Steve Wasserman will take over as publisher of Heyday in July. Photo: Yale University Prss
Steve Wasserman will take over as publisher of Heyday in July. Photo: Yale University Press

Heyday has selected Yale University Press editor and Berkeley High graduate Steve Wasserman to be the company’s new publisher and executive director.

The selection of Wasserman, who is well respected in the book world, represents a monumental shift for the 41-year old company, which was founded by Malcolm Margolin in 1971. Margolin, a brilliant and idiosyncratic man whose book, The Ohlone Way: Indian Life in the San Francisco-Monterey Bay Area, was named as one of the 100 most important books of the twentieth century by a western writer by the San Francisco Chronicle, shaped the press through his humor and interest in nature, native culture, and California history. Margolin was famous for “adopting” people, inviting those he found interesting into the family of Heyday. He would mine everyone for their thoughts on what was important in the world and the state and he often converted those thoughts into books.

Wasserman also has deep roots in the West, although he has spent the last decade on the East Coast. He was editor of the Los Angeles Times Book Review and was a chief architect of the Los Angeles Times Festival of Books, considered one of the most prestigious book festivals in the country. Wasserman is happy to be returning with his family to California, according to a release put out by Heyday.

“I have admired Malcolm as long as I have known him, which is 20 years,” said Wasserman. “I have admired his genius and his nimble and eclectic enthusiasm and curiosity and the marvelous way he held the place together with scotch tape and managed to turn (Heyday) into one of the most distinguished publishers in California.”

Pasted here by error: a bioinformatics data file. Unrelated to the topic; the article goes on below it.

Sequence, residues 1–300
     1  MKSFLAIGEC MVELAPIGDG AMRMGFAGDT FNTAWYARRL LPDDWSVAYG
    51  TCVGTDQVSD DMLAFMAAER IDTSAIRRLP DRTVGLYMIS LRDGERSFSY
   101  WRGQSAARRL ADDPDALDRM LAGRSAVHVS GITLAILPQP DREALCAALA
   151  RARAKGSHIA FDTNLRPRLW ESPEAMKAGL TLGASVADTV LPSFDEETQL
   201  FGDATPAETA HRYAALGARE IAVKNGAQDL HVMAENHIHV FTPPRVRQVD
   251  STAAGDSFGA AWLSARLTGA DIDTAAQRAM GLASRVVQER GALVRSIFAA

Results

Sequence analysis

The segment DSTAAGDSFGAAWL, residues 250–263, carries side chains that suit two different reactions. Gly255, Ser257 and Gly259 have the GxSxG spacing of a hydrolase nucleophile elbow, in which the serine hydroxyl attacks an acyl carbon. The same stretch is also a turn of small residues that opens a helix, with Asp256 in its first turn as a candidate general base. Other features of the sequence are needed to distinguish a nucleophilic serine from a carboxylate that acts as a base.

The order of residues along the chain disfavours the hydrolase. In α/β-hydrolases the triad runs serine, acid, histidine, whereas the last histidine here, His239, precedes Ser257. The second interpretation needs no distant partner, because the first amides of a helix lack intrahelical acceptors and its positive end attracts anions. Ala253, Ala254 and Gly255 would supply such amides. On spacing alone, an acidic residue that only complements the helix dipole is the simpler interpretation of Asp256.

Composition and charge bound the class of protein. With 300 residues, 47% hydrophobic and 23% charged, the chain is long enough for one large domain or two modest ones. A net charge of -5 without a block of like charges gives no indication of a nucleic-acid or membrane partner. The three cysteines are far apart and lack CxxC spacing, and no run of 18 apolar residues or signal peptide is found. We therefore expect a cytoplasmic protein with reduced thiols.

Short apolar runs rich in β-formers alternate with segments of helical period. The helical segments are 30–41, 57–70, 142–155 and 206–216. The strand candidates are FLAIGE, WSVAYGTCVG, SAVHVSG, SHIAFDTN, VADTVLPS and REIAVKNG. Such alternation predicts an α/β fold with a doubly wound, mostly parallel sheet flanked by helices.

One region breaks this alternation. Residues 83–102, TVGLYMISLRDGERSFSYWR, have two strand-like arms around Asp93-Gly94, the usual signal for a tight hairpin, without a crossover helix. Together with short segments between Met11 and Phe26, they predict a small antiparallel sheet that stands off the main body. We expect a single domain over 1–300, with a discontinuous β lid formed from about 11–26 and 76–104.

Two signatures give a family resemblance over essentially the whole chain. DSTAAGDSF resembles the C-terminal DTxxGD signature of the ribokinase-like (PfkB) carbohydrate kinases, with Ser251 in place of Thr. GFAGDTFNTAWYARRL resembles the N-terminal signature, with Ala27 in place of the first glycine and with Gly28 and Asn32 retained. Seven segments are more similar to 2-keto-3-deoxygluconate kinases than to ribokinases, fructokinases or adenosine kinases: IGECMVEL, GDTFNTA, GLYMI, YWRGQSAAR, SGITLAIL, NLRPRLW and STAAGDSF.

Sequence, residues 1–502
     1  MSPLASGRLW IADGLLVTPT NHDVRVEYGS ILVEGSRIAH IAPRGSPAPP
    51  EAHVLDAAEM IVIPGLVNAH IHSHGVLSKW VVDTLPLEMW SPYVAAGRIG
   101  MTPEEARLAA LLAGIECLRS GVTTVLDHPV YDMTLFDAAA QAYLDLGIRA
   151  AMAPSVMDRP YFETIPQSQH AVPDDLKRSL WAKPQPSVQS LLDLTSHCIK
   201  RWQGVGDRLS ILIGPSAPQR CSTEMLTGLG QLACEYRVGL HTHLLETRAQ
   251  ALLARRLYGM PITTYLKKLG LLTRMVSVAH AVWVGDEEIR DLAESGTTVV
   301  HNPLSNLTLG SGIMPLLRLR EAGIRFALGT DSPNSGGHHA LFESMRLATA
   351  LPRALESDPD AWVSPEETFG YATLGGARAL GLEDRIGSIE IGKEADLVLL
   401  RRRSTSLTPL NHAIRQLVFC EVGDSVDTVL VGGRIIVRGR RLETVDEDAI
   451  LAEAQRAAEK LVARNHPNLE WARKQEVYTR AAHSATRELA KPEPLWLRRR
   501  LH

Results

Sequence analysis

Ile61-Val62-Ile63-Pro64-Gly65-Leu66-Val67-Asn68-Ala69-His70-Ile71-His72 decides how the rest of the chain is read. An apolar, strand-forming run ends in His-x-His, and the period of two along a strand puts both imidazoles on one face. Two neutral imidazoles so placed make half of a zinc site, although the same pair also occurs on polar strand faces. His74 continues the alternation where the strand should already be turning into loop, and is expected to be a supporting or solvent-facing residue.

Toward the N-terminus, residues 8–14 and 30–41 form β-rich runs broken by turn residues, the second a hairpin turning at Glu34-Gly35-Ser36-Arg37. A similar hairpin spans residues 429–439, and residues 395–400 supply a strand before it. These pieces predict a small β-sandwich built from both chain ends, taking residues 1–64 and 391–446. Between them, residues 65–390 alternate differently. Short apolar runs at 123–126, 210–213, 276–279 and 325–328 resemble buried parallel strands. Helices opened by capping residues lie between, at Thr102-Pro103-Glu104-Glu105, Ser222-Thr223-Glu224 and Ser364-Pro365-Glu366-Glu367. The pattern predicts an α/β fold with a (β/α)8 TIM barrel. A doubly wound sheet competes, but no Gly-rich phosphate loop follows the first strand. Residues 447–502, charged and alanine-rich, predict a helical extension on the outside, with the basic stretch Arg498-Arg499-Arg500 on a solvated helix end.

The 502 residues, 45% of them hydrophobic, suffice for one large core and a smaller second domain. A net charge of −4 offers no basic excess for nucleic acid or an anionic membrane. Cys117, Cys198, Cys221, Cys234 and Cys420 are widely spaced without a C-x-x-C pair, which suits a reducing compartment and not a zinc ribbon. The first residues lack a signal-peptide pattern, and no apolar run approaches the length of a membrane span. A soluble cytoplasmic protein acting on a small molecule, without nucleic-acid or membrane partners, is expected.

Malcolm Margolin. Photo: Pete Rosos
Malcolm Margolin. Photo: Pete Rosos

Margolin retired in December after almost a year of non-stop celebration for his achievements.

Heyday published a book about his tenure, The Heyday of Malcolm Margolin: The Damn Good Times of a Fiercely Independent Publisher, by Kim Bancroft. The company hosted a gala at the old Berkeley Art Museum to celebrate its 40th birthday. Numerous organizations honored Margolin for his contributions to California culture.

Margolin said he is delighted that Wasserman will take over as publisher.

“I can’t imagine anyone with better professional skills, more depth and variety of experience, and a more impressive record of accomplishment and public service,” said Margolin in a release. “He knows California and its many cultures with intimacy, associates easily with the best writers and deepest thinkers everywhere, and his ample playfulness and wit have always been at the service of a humane social vision. More than that, he’s great fun to be around.”

Wasserman, 63, moved with his family to Berkeley in 1963 and became active in the Free Speech and anti-war movements at UC Berkeley shortly thereafter, when he was just 13, according to an article in the San Francisco Chronicle. There is a famous photo of him taken in 1969 when he was student body president of Berkeley High School. He is standing with a cigar in his mouth that has a “Nixon is the 1,” pin on the end while he holds up Mao’s “Little Red Book.”